Researchers, at the universities of Edinburgh and Oxford, gave the parasites "jet lag" by inserting them into mice whose body clocks were different to their own 24-hour cycle. Malaria parasites are less effective at causing infection if they are out of sync with their victim's body clock, scientists have found.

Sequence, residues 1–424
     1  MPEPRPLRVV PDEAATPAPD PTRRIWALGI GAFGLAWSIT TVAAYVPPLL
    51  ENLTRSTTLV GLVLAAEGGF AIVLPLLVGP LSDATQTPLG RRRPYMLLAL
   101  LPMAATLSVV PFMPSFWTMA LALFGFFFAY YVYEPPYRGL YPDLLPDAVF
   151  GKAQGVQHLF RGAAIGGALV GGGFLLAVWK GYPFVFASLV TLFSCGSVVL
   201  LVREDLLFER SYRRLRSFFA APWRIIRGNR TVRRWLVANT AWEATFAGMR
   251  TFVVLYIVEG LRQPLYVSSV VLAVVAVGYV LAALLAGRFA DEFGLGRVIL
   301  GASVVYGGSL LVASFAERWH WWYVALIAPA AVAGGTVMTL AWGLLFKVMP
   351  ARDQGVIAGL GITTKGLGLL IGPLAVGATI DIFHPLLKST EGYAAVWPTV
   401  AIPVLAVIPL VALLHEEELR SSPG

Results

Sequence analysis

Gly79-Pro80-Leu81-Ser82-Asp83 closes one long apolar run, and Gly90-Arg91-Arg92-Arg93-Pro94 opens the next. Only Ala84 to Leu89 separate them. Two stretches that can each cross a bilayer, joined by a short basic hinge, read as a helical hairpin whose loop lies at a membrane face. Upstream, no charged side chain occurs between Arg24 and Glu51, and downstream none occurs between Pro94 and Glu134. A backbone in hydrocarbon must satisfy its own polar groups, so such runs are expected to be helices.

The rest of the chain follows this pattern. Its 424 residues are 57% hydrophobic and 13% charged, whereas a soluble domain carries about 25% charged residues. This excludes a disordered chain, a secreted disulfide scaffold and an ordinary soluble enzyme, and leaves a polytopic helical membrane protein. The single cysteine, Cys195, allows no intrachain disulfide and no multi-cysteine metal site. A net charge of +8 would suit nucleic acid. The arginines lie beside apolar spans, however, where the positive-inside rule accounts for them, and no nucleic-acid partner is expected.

They studied the malaria infection in mice which had been acclimatised to two daily routines, with some awake in the daytime and others at night. It was found that the parasite was only half as effective at infecting mice whose body clock was different to their own. The parasites' ability to transmit to mosquitos who carry the disease was also reduced. The discovery should help the development of malaria treatments because it gives scientists a greater understanding of when malaria parasites are at their most harmful and when they are vulnerable.